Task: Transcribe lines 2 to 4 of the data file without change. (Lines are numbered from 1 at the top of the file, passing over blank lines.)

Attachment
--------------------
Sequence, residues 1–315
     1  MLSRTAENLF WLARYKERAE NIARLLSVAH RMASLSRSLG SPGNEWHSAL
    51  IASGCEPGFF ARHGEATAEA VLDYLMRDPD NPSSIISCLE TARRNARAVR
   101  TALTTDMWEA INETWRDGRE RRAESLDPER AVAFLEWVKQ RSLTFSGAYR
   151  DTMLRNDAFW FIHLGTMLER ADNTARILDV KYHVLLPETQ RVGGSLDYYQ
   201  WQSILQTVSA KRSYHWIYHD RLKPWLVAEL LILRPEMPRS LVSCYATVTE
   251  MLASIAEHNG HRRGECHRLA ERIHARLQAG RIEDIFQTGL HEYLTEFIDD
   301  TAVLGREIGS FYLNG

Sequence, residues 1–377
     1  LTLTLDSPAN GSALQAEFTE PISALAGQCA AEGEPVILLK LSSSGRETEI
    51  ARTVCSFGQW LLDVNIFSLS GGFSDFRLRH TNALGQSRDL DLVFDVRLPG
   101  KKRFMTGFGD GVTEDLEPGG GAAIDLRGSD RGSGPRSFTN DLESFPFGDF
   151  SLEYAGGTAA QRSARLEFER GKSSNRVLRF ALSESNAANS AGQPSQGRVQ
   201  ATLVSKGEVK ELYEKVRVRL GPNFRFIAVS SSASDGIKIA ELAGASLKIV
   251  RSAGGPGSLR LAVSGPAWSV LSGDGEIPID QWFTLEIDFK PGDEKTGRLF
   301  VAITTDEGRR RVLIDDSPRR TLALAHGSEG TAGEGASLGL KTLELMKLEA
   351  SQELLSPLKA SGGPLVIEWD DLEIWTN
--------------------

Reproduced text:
     1  MLSRTAENLF WLARYKERAE NIARLLSVAH RMASLSRSLG SPGNEWHSAL
    51  IASGCEPGFF ARHGEATAEA VLDYLMRDPD NPSSIISCLE TARRNARAVR
   101  TALTTDMWEA INETWRDGRE RRAESLDPER AVAFLEWVKQ RSLTFSGAYR